Why Volunteering is Good for You.
“There is a strong relationship between the wellbeing, happiness and longevity of those of us who are compassionate. Doing good can help reduce stress and improve your emotional wellbeing.” Mark Rowland, Chief Executive of Mental Health Foundation
Globally, 300 million people have depression making it the world’s largest cause of disability and around the same number have anxiety disorders. Volunteering is often heralded as boosting mental health, in fact you may be familiar with the expression that it is better to give than receive, but did you know that this is backed up by research?
A 2019 YouGov survey involving over 10,100 people found that 77% of respondents said volunteering had improved their mental health, with just over half (53%) saying it had improved their physical health.
We all have so much going on in our lives, lots of strains and stresses. Being kind can get pushed to one side, in favour of what is urgent or what is trending now. But taking time to be kind to other people can make you feel good, help reduce stress and be beneficial for your own emotional wellbeing.
Volunteering is a great way to do something for others and research shows that it benefits people of all ages through increasing feelings of self-esteem, social connection, and wellbeing.
Here are some ideas for how you can get involved:
- Volunteer for a local community organisation.
- Offer your expertise and support as a mentor for those who are struggling.
- Check in with a neighbour who may be isolated.
- Get involved in a charity which is important to you.
- Involve your friends and neighbours in community projects. You could work together to create a communal garden, or you could start-up a book club.
- Volunteer your help in a crisis. If your community has experienced a bad flood or fire, help with the clean-up.
- Volunteer to help people in need in developing countries, through a well-established organisation. You could teach children in schools or help to build houses and hospitals.
The benefits of helping others can last long after the act itself, both for you and them.
- Helping others feels good
There is some evidence to suggest that when you help others, it can promote physiological changes in the brain linked with happiness.
Helping others can also improve our support networks and encourage us to be more active. This in turn can improve our self-esteem. The YouGov poll found that 47% of people agreed that volunteering had given them more confidence, with the figure rising to 84% among 18- to 24- year olds.
- It creates a sense of belonging and reduces isolation
Volunteering and helping others can also help us feel a sense of belonging, make new friends and connect with our community. Face-to-face activities such as volunteering at a food bank can help reduce loneliness and isolation.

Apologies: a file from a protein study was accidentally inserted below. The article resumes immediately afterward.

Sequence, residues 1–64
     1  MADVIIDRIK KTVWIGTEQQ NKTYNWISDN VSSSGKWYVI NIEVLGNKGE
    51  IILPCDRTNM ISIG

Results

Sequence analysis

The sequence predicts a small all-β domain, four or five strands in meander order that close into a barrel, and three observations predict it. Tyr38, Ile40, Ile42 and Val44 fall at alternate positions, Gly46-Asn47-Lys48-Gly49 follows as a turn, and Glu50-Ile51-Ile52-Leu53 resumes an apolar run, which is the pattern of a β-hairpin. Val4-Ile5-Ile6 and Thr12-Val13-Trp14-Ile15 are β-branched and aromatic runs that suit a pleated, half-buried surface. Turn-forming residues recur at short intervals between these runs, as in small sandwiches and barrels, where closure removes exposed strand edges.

- It helps keep things in perspective
Many people don’t realise the impact that a different perspective can have on their outlook on life.
Helping others, especially those who are less fortunate than yourself, can help to put things into perspective and make you feel more positive. There is some evidence that being aware of your own acts of kindness, as well as the things you are grateful for, can increase feelings of happiness, optimism, and satisfaction. Doing good may help you to have a more positive outlook about your own circumstances.
- It helps make the world a happier place – it’s contagious!
Acts of kindness have the potential to make the world a happier place. An act of kindness can improve feelings of confidence, being in control, happiness and optimism.
It may also encourage others to repeat the good deed that they’ve experienced themselves – contributing to a more positive community.
YouGov reported that 96% of volunteers said that they were satisfied with their experience and 69% said they would recommend it to others. This underlines how volunteering can be a truly transformative for people’s lives.
- It affects your physical health in a positive and measurable way
It’s important to note here that a person’s motive for volunteering must be truly altruistic. Otherwise, it has been shown to have no positive effect on physical health.
It can lower the health effects of stress. Whether it’s a tough day at work or a conflict at home, even the most benevolent among us have some stress in our lives but helping others can ease the impact that everyday stress has on your physical health. Volunteering also has the “feel good effect” with the release of dopamine and serotonin to the brain. The more you volunteer, the happier you are. These positive emotions have a positive effect on your physical wellbeing.
It reduces the risk of drug abuse. In 2015, The Oxford Handbook of Prosocial Behaviour published a literature review showing that teenagers and university students who volunteer tend to steer clear of alcohol and drugs, along with other “problem behaviours” like delinquency and dropping out of school.
It can lower your risk of cardiovascular disease. Volunteering is a sneaky way to get out of the house and step away from the screens for a bit. As a result, it could aid in weight loss and lower your cholesterol. Volunteering is also good for increasing mental activity, stamina, and functional ability in older adults. In fact, older adults can benefit the most from volunteering.
It can lower your risk of death. All those health boosts add up as you get older. In 2013, a study in the journal Psychology and Aging (US) showed that volunteering reduced mortality risk in older adults by a quarter, even when the researchers accounted for how healthy they were before the study began.
If you are interested in our volunteering opportunities, you can find out more here.